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Economy Is Growing At A 'Measured Pace,' Federal Reserve Says
The nation's economy "expanded at a measured pace" in recent weeks, the Federal Reserve Board reports in its latest anecdotal look at how things are going across the U.S.
The central bank's Beige Book review of conditions in its 12 bank districts finds that:
"Cleveland, Richmond, Atlanta, Chicago, Kansas City, Dallas, and San Francisco grew at a modest pace, while St. Louis and Minneapolis indicated a somewhat stronger increase in activity. In contrast, Boston reported a slower rate of growth.
"Weaker conditions in New York were attributed to widespread disruptions at the end of October and into November caused by Hurricane Sandy. Philadelphia reported general weakness that was exacerbated by the hurricane. However, in the Boston and Richmond Districts, the storm's effects were mostly limited. Contacts in a number of Districts expressed concern and uncertainty about the federal budget, especially the fiscal cliff."
All told, the report seems to add to the evidence that the economy continues to slowly move along — not fast enough to bring unemployment down significantly, but just strong enough to keep unemployment from rising.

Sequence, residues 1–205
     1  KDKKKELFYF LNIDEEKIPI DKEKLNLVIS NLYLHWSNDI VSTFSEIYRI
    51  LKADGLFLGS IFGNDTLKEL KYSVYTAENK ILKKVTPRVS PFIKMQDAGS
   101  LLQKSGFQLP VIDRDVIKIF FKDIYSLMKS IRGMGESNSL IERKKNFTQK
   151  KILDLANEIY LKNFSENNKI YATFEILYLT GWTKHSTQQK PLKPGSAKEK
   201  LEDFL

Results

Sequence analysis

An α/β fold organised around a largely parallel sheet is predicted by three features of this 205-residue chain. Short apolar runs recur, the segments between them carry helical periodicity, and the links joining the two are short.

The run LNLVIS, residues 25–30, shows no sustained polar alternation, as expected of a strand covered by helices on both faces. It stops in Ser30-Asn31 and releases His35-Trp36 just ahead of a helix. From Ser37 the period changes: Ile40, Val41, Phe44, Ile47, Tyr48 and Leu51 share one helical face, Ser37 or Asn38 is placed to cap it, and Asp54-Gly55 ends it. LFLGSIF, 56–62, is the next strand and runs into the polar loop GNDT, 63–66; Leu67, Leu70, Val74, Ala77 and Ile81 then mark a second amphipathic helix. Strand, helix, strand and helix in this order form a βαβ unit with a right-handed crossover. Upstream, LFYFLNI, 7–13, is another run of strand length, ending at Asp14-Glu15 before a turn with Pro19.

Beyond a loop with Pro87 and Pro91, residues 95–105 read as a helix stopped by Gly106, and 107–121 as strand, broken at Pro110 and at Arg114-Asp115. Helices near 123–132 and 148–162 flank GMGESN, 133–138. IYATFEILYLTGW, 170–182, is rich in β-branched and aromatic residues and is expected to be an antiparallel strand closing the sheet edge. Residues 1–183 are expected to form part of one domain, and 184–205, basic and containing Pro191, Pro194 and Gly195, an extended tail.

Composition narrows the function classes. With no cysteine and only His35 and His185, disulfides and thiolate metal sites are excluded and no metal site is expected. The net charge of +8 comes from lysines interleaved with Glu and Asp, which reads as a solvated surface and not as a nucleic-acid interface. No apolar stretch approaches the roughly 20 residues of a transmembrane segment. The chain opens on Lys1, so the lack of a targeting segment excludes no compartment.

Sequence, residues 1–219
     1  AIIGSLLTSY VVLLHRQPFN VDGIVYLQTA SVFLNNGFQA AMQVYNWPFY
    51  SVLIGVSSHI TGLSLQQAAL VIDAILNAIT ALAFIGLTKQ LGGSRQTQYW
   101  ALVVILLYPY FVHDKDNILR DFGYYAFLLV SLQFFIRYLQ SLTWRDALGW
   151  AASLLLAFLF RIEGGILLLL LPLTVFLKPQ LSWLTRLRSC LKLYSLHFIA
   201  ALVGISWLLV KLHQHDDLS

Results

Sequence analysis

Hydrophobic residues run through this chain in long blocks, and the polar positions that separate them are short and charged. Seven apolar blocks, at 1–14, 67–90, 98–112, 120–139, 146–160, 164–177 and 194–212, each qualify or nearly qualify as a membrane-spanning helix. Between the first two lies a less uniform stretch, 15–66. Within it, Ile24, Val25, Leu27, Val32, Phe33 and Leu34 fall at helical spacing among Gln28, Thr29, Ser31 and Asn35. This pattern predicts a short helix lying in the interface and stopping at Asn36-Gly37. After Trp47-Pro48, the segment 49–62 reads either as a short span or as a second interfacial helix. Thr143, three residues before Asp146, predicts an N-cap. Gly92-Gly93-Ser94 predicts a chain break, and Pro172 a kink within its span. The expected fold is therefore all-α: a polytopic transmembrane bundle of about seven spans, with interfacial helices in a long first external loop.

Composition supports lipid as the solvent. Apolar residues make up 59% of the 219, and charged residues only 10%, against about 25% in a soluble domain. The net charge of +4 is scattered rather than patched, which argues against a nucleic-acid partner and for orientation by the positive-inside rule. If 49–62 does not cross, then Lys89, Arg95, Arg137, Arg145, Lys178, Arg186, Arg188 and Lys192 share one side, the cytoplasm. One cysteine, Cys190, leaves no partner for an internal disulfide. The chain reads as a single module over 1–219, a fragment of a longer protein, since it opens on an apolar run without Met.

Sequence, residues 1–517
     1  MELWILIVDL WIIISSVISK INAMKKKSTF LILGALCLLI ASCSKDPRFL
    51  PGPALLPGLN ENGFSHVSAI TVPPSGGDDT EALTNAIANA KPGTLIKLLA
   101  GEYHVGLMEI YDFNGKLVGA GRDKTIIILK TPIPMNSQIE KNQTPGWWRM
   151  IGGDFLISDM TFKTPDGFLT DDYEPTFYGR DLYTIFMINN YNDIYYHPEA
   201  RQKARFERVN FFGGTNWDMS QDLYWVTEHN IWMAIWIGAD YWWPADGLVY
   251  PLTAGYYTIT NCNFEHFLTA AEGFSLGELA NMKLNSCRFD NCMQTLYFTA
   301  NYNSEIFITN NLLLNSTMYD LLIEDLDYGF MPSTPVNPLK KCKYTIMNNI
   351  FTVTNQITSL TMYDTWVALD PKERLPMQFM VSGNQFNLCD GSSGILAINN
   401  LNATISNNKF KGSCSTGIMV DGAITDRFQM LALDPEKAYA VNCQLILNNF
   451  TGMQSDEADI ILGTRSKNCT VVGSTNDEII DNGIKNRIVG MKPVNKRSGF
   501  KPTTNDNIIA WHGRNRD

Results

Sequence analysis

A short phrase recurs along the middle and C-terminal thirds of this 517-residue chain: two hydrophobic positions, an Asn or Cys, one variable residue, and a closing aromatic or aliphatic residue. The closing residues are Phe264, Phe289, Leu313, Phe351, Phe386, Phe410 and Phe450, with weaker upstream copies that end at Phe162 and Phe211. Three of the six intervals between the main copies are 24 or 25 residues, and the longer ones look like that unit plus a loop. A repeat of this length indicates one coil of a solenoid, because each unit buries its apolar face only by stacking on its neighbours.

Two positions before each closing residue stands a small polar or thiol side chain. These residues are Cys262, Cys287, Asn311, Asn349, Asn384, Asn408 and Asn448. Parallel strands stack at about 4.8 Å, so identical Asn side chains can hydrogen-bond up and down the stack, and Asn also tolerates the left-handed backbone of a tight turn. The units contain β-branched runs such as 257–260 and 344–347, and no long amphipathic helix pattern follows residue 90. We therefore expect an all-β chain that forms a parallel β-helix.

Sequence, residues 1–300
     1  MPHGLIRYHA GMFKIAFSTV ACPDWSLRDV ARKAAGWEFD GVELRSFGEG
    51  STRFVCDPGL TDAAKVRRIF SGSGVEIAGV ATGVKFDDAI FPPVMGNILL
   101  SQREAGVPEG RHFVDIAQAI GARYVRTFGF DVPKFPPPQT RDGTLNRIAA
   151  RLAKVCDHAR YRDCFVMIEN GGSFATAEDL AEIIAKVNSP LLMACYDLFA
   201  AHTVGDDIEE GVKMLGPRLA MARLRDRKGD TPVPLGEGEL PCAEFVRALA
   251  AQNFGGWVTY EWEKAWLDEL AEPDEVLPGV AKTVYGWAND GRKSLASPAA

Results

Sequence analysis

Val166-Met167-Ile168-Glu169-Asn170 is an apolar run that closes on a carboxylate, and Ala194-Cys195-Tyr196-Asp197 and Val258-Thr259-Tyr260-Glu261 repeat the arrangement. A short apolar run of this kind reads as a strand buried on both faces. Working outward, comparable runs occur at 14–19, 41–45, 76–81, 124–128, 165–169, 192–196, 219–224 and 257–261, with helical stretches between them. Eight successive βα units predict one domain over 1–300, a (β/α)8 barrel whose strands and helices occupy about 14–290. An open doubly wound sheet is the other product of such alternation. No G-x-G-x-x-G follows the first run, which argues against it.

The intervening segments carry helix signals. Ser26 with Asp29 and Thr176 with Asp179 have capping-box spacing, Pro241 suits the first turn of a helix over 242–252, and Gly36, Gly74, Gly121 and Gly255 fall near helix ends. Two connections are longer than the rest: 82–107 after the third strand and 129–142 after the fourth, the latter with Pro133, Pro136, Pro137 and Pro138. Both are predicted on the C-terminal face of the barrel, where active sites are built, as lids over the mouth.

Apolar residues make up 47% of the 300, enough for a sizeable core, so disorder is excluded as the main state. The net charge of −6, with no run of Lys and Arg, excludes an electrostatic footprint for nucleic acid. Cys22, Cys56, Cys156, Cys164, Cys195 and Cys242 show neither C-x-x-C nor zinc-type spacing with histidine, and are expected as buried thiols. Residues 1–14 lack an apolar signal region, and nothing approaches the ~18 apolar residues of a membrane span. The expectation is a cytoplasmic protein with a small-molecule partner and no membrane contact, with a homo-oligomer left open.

The Beige Book (named for the color of its cover) is prepared eight times a year for meetings of Fed policymakers. It is based on interviews with employers and others around the country.
On the key issue of consumer spending, the Fed says it:
"Increased at a moderate pace in most Districts in recent weeks, with mixed reports from Dallas. In New York, sales were ahead of plan prior to Hurricane Sandy, and merchants expect to recoup sales lost during the storm as residents replace destroyed or damaged property.
"Philadelphia contacts reported slower growth since the last report. Apparel sales picked up in Boston, and Richmond indicated that home and garden stores reported stronger sales ahead of Hurricane Sandy.
"Durable goods sales varied across Districts. For example, Boston and Chicago noted an improvement in furniture, while sales in that category declined in Cleveland. Chicago reported flattening in electronics sales, whereas San Francisco contacts reported significant sales gains for consumer technology products."